The personal data of nearly 79,400 mobile subscribers of MyRepublic was potentially accessed by hackers, the mobile operator and Internet service provider said on Friday (Sept 10). This is the latest incident in a string of cyberattacks in recent months.
The details stolen were identity verification documents related to custom applications for mobile services.
For affected Singaporeans, permanent residents, and employment and dependent pass holders, the data accessed included scanned copies of both sides of their NRICs. Documents such as scanned copies of utility bills that confirm the residential addresses of foreigners who are MyRepublic subscribers were also accessed. Customers who ported an existing mobile service had their names and mobile numbers accessed.
The Internet service provider said that there is currently no indication that other personal data, such as account or payment information, was affected. No MyRepublic systems were compromised and there was no operational impact on MyRepublic’s services, the company said.
It said that on August 29, it discovered unauthorised data access on a third-party data storage platform used to store the personal data of mobile customers.
The unauthorised access to the data storage facility has since been secured, said the mobile operator.
Its cyber incident response team has also been activated, including a team of external expert advisers such as KPMG, to work closely with MyRepublic’s internal information technology and network teams to resolve the incident.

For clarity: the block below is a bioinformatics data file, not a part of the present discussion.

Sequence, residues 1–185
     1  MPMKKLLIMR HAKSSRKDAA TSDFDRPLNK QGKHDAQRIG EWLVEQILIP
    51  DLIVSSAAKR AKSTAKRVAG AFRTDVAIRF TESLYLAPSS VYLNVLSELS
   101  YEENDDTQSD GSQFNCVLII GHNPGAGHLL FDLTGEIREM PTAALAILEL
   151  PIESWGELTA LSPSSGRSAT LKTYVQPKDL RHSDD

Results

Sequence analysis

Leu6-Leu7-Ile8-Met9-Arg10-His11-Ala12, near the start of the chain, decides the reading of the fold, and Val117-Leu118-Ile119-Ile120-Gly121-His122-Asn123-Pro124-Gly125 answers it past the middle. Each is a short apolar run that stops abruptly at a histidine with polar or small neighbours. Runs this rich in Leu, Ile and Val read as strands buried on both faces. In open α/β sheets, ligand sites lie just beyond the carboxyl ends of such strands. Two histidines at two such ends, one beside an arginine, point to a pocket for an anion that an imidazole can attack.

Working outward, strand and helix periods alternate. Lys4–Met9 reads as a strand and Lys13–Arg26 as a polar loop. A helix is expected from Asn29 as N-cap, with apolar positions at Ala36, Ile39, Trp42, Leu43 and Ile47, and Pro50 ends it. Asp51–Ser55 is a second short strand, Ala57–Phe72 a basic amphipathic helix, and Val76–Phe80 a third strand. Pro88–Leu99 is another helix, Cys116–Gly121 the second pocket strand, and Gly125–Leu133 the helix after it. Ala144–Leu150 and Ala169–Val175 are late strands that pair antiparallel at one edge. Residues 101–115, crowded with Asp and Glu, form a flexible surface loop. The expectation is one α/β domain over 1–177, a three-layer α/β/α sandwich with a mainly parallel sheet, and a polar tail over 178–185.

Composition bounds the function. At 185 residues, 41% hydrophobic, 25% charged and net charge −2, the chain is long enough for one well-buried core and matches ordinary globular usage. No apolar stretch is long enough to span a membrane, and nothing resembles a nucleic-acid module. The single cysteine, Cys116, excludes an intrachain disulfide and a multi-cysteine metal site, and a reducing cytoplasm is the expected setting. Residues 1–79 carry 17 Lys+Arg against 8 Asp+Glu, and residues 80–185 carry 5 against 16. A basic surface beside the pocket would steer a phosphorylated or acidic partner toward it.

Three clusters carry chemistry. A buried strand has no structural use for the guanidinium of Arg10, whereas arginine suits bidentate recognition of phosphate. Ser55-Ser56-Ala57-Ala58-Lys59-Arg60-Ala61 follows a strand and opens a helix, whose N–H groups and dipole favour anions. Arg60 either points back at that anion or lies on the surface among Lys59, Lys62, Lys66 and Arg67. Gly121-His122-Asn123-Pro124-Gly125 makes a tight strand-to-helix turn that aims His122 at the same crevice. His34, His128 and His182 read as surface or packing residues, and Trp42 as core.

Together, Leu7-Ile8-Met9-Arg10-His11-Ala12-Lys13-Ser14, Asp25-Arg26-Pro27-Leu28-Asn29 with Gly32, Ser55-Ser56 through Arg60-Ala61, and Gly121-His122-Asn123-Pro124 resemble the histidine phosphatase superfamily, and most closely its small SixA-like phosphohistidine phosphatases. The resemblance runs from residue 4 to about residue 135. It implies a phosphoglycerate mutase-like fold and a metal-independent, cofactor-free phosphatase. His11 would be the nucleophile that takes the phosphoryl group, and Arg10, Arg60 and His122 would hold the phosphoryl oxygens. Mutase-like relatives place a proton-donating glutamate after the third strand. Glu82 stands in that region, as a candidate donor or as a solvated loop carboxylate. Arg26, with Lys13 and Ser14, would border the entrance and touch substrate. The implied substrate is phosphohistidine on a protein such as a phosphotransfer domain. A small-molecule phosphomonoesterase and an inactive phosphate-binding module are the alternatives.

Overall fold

MyRepublic has notified the Infocomm Media Development Authority and the Personal Data Protection Commission of the issue.
MyRepublic “The privacy and security of our customers are extremely important to us at MyRepublic,” said MyRepublic chief executive Malcolm Rodrigues in a statement. “Like you, we are disappointed with what has happened, and I would like to personally apologise for any inconvenience caused.” My team and I have worked closely with the relevant authorities and expert advisers to secure and contain the incident, and we will continue to support our affected customers every step of the way to help them navigate this issue. “
Last month, a ransomware attack affected the personal data and clinical information of nearly 73,500 patients of a private eye clinic. At the time, it was the third such reported incident in August. The information included names, addresses, identity card numbers, contact details and clinical information such as patients’ clinical notes and eye scans, said Eye & Retina Surgeons on August 25. On August 16, insurer Tokio Marine Insurance Singapore said it was hit by a ransomware attack.
It said at the time that there was no indication of a breach of customer information or confidential information of the Tokio Marine Group. On August 19, The Business Times reported that Singapore-based tech company Pine Labs fell victim to ransomware too.
The firm is a Temasek-backed payments platform.
Hackers were said to have stolen confidential documents between Pine Labs and several Indian banks and held the information hostage. There are also more hackers now with more tools at their disposal, and at the same time, more instruments to detect cyber attacks, which leads to a higher number of cases being reported.
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